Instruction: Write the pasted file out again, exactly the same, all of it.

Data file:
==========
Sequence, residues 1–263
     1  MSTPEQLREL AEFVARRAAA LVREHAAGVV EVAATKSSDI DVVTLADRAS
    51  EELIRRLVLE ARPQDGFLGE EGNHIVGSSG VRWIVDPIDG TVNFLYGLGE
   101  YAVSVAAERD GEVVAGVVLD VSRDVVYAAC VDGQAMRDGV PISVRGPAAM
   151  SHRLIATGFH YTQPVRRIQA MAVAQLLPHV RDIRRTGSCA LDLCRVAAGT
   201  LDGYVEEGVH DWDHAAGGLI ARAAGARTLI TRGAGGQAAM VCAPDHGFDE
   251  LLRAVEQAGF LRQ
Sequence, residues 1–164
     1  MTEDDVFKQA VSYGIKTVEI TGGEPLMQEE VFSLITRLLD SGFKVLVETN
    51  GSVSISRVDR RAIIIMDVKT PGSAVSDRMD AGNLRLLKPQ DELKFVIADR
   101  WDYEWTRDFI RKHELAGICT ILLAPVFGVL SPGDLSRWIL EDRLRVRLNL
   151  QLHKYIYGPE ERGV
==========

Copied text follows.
Sequence, residues 1–263
     1  MSTPEQLREL AEFVARRAAA LVREHAAGVV EVAATKSSDI DVVTLADRAS
    51  EELIRRLVLE ARPQDGFLGE EGNHIVGSSG VRWIVDPIDG TVNFLYGLGE
   101  YAVSVAAERD GEVVAGVVLD VSRDVVYAAC VDGQAMRDGV PISVRGPAAM
   151  SHRLIATGFH YTQPVRRIQA MAVAQLLPHV RDIRRTGSCA LDLCRVAAGT
   201  LDGYVEEGVH DWDHAAGGLI ARAAGARTLI TRGAGGQAAM VCAPDHGFDE
   251  LLRAVEQAGF LRQ
Sequence, residues 1–164
     1  MTEDDVFKQA VSYGIKTVEI TGGEPLMQEE VFSLITRLLD SGFKVLVETN
    51  GSVSISRVDR RAIIIMDVKT PGSAVSDRMD AGNLRLLKPQ DELKFVIADR
   101  WDYEWTRDFI RKHELAGICT ILLAPVFGVL SPGDLSRWIL EDRLRVRLNL
   151  QLHKYIYGPE ERGV